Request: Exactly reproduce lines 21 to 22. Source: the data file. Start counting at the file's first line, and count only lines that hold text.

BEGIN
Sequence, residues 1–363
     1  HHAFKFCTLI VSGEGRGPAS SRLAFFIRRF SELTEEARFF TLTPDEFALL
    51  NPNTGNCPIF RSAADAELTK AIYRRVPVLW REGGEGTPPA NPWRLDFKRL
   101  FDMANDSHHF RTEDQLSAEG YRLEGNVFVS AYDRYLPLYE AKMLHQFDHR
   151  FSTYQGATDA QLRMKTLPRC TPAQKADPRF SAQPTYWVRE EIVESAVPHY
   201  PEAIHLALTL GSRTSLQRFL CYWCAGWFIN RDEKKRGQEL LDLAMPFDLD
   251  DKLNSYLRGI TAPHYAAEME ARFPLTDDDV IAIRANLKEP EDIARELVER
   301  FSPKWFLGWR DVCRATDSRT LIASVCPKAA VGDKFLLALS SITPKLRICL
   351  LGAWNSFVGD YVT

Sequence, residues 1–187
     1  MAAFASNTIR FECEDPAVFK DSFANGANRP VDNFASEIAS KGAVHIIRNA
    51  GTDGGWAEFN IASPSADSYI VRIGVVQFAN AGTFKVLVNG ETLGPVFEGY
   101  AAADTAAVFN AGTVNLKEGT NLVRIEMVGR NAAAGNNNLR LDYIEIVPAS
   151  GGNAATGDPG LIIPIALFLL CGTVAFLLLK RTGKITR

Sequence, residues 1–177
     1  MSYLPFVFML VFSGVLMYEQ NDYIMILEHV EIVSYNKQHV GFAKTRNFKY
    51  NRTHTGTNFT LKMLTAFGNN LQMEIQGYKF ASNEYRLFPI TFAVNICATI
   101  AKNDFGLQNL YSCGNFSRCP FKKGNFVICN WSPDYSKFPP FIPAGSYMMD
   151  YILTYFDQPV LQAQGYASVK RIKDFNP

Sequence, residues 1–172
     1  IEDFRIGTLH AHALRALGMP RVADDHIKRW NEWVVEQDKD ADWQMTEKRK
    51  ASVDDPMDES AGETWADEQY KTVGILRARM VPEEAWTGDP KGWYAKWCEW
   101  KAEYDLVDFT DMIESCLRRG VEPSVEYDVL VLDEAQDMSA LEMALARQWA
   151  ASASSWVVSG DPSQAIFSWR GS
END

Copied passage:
     1  IEDFRIGTLH AHALRALGMP RVADDHIKRW NEWVVEQDKD ADWQMTEKRK
    51  ASVDDPMDES AGETWADEQY KTVGILRARM VPEEAWTGDP KGWYAKWCEW